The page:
Anyhow, have fun. If you need any further help, I'd suggest logging onto FreeNode (irc.freenode.net) via X-Chat (command: xchat), and check out their numerous support channels for Free Software. Also, lookup your local LUG (Linux User Group) for your town (most major cities have one), and check them out some time. Most LUGs have good online forums, mailing lists, etc., and best of all, in-person support :-).
In Red Hat 9, they excluded the mp3 features for some odd reason, but you can download the latest version of xmms (it's just like WinAmp in Win, but not associated with them in any way). When you get that, you'll probably have to get some libraries, etc, but trust me, it works once it's in. As far as AIM and MSN, you can go to http://www.aim.com and go to their linux section to download the RH9 version. MSN might have it too, but I've never used it, but it never hurts to look. Also, RH comes with Gaim, which can substitute AIM if you don't mind a couple sacrifices.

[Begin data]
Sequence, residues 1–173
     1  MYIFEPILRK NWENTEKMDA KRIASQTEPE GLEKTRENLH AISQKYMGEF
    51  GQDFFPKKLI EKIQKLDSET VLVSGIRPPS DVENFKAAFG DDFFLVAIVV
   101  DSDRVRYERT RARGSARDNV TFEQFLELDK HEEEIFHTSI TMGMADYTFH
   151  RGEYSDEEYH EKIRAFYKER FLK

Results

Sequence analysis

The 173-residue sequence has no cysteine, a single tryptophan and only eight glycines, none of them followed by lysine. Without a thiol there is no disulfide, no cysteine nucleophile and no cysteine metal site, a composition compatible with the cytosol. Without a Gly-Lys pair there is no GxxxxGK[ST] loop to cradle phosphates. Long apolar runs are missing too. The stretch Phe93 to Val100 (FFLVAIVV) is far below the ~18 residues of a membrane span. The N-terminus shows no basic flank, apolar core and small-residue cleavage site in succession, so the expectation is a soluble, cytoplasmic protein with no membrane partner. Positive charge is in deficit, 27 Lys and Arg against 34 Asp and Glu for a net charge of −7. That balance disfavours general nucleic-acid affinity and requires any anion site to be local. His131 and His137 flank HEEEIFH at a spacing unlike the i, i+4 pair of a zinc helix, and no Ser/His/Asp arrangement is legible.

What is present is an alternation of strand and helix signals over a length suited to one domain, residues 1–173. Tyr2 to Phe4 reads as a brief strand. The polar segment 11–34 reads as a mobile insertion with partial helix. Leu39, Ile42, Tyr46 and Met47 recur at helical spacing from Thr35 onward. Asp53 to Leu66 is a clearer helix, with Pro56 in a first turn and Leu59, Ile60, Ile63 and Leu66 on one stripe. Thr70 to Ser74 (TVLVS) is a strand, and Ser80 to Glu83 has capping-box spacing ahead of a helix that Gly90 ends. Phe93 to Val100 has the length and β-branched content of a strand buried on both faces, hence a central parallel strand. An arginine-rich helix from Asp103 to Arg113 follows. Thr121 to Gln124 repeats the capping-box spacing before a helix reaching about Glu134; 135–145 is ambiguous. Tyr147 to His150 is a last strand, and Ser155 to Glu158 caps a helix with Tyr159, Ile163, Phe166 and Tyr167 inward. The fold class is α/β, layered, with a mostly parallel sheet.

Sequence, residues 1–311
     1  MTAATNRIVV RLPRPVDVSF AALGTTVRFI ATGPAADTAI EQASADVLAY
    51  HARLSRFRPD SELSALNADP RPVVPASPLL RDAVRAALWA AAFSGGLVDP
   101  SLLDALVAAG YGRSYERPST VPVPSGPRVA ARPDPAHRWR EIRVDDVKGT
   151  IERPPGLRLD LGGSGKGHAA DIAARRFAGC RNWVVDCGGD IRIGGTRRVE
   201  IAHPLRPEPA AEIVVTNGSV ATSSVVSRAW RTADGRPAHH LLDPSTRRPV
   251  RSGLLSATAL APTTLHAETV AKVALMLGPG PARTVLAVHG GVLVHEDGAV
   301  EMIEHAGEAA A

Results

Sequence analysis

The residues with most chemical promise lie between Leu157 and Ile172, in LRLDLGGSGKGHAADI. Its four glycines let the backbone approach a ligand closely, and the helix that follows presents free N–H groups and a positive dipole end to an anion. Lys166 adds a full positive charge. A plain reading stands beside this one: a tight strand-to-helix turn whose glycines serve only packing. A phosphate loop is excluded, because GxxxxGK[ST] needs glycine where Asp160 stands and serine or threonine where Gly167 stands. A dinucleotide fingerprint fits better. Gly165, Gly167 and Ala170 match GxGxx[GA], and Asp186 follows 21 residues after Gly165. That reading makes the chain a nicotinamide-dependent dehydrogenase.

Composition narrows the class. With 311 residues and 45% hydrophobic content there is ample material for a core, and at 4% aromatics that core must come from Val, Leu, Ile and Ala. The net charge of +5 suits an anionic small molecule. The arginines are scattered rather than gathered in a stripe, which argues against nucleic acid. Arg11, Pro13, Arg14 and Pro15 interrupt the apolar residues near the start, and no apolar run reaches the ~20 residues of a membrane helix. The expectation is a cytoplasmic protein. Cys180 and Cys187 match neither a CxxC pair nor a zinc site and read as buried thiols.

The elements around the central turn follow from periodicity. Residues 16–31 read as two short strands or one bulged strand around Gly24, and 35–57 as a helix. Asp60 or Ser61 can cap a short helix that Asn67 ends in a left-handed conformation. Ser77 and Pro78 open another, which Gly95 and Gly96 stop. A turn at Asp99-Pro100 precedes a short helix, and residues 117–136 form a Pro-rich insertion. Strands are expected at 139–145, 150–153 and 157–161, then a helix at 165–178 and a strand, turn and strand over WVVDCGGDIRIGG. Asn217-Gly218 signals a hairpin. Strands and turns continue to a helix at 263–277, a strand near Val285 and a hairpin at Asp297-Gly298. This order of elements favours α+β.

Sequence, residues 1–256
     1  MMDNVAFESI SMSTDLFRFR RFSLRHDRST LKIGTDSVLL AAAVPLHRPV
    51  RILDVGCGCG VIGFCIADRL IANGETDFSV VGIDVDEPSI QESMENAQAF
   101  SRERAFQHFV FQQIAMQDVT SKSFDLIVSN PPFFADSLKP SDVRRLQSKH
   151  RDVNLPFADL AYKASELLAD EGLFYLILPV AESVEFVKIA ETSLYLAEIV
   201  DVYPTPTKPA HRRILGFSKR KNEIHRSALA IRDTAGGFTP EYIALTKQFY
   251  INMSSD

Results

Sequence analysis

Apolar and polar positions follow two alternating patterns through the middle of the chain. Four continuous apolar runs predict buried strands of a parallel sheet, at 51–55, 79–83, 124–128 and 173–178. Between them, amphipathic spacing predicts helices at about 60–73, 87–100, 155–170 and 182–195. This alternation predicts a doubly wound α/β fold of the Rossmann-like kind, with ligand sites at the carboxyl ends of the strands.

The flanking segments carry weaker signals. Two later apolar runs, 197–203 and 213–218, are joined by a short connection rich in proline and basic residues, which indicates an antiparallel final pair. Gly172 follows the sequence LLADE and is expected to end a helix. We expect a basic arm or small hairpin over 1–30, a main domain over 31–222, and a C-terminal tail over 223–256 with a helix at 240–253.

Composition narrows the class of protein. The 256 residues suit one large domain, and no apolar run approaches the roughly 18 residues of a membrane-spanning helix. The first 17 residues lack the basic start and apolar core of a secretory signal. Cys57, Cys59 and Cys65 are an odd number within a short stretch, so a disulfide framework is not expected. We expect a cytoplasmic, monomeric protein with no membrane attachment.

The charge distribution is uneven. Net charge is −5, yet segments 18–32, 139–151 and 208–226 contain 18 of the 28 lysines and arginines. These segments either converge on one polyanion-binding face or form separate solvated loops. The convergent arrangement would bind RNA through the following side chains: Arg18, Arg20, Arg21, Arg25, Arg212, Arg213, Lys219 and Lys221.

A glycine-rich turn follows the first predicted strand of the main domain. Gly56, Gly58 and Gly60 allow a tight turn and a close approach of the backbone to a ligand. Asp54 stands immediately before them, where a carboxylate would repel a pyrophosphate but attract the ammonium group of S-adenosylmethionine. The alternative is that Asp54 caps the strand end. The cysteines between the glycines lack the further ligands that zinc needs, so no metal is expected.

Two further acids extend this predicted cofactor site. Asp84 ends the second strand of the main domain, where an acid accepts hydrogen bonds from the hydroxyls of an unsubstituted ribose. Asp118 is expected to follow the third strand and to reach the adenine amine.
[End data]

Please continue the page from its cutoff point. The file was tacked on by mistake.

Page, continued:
"Windows-like" doesn't quite exist, but learning more about linux can help greatly and is a really good experience. I'd have to say that my favorite way to learn about any distro of Linux is to get a cup of coffee, a few bottles of asprin, and sit down to do a lot of reading. Of course, this is just my opinion. I also enjoy just playing around with it. If you screw it up royally, you can call it a learning experience and reinstall if you have to. I haven't seen a hard drive catch fire from stuff like this... at least not yet.
tk31337 has some very good suggestions too. If you're looking for a web design program that is more like FrontPage, I'm looking to that too. If there is a program like it for Linux out there, I'd really like to know... other than Netscape/Mozilla and basics like that. FrontPage is pretty much the only reason I keep Win on my computer.
Good luck with linux, and you certainly came to the right place to get more information about it. LQ has been great for me.